I turned back toward the heart of Fairywood. As I’ve mentioned before, there used to be a housing development here. That one is empty land now. An empty pool is starting life over as a forest, tree by tree. But there is a housing development on the other side of Broadhead Road and one of Pittsburgh’s biggest landowners, the URA is trying to develop this.

I finished up running along Windgap Road. That’s a street in bad need of sidewalks. I did get a peek into the 25 yrd long Medford Street before finishing up in the Ingram Crafton Shopping Center.


RATS #00465 Brookline

RATS Run #00465 was a quick run in Brookline to finish up alleys like Pontoon Way (both sides), Minor Way, Redbird Way, Mossrose Way and Georgette Street among others. However, it was already dark by the time I got going, so I don’t have many pics. I think this neighborhood, nestled between Glenbury Road and Carmalt Field is pretty nice. It is all suburban residential, but the hills and alleys give it a mysterious air. From the end of Wychelm you can see the lights of downtown.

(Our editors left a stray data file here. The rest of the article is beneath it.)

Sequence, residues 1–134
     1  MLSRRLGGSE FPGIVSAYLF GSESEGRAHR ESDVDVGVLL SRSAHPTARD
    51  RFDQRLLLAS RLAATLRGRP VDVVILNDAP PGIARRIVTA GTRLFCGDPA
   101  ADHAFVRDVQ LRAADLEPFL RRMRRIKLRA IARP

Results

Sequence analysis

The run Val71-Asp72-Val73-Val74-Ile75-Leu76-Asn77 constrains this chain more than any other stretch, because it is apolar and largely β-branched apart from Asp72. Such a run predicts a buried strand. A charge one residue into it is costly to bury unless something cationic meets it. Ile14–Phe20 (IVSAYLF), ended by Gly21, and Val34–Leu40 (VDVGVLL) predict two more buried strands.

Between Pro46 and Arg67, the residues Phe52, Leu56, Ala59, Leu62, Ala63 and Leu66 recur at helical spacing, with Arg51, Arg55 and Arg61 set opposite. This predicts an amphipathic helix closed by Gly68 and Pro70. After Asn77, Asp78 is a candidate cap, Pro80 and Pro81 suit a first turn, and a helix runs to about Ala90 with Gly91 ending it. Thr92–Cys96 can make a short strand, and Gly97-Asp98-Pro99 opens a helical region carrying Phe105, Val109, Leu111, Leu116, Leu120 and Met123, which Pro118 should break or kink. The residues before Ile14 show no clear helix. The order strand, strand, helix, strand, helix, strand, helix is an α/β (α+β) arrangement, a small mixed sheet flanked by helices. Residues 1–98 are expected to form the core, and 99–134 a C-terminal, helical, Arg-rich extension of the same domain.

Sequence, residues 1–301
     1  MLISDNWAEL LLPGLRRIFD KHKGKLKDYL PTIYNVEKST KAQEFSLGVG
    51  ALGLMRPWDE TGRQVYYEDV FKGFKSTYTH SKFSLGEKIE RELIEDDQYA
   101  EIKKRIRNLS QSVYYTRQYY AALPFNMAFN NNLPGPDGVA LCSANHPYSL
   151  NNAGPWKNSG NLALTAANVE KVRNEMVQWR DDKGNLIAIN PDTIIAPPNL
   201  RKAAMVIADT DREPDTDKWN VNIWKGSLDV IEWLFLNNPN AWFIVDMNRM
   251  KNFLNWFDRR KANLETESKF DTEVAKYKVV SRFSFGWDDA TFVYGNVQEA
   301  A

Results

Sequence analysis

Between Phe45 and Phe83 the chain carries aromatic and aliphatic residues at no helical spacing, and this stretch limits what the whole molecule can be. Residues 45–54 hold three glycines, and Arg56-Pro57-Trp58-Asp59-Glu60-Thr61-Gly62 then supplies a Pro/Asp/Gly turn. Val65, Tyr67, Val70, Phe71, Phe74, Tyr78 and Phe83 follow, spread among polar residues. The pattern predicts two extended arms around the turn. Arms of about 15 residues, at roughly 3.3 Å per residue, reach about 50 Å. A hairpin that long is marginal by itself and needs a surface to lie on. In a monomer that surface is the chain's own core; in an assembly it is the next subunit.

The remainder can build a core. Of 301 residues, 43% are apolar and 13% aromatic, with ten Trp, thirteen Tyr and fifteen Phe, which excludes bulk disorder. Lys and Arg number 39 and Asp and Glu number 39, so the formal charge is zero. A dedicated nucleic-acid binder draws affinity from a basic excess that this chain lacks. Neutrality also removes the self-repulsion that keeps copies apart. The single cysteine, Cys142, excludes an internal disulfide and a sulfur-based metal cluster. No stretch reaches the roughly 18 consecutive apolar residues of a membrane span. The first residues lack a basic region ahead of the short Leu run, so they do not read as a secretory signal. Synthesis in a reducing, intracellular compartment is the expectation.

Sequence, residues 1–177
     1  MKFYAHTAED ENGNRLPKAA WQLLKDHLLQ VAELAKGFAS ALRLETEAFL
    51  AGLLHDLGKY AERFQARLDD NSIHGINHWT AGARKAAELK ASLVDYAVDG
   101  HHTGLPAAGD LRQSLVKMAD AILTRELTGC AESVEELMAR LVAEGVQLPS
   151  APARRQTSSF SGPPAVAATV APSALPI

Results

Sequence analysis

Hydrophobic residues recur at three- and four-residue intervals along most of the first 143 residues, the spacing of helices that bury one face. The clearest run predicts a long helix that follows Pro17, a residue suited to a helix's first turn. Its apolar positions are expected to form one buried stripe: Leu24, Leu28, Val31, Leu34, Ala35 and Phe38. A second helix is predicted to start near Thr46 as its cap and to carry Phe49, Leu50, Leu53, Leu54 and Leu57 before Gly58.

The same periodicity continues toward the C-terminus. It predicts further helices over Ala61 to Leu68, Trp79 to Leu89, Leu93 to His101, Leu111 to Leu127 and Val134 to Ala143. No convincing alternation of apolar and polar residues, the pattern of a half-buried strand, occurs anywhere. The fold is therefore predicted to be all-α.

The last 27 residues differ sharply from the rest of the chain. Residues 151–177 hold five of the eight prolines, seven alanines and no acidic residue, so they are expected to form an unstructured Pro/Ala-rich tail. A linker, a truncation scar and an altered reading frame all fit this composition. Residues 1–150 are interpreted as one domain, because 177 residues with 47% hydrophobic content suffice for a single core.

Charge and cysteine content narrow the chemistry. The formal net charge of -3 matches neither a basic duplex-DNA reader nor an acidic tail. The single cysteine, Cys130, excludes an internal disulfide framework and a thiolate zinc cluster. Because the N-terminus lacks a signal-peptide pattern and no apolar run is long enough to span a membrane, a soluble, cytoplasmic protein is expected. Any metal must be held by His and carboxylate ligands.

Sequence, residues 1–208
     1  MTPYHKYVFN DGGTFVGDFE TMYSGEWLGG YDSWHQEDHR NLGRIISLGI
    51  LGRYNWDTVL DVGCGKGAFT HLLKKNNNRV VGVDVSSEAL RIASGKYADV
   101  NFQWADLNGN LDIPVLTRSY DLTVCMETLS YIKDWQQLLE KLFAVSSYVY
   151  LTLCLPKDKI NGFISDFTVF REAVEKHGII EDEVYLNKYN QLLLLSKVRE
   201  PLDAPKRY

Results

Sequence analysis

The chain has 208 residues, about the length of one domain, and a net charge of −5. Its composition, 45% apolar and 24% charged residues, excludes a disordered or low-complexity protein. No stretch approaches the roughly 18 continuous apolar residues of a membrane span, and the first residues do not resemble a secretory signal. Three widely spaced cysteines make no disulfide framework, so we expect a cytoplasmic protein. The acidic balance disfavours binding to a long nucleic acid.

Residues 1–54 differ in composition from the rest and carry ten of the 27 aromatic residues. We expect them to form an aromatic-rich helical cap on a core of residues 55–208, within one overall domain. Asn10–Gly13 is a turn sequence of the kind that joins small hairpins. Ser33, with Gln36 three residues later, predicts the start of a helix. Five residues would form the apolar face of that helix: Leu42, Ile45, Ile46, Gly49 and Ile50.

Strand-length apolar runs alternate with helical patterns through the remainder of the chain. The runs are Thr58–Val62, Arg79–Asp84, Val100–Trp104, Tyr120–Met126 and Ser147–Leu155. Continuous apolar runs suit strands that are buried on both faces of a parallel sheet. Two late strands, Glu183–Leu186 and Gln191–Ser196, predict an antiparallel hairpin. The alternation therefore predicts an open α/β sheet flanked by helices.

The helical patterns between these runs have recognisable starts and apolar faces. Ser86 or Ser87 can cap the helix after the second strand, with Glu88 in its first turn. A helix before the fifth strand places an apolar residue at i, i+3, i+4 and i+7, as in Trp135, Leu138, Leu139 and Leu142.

After going up to the end of Wychelm, I went down Parklyn, catching the left and right to get to the end of Mossrose Way. I returned along the long stretch of Mossrose, where it rises above the houses as a lane covered in pine needles. Making two rights, I decided to be bold and go down Georgette Lane. It was not, indeed, a driveway, but rather a respectable, short street with a house at the end.

I finished up Minor Way and went to the end of Redbird. That alley just bailed out at the top of a hill into someone’s backyard. Whoops! A wet, short night run all done.


RATS #00466 Duquesne Heights and Mount Washington

Returning to daylight and hills again, RATS Run #0466 wrapped around Mt. Washington and Duquesne Heights. I spent some time on the Emerald View Trail, which encircles this section of town.

Cielo Lane juts off of Fingal Street to provide some nice views of the Point. I tromped down to Greenleaf, which dives toward the West End Circle. However, about half way down I took the steep right onto Homer Street. There are only a few houses there, perched high on the hill. Homer leads directly into Emerald View Park.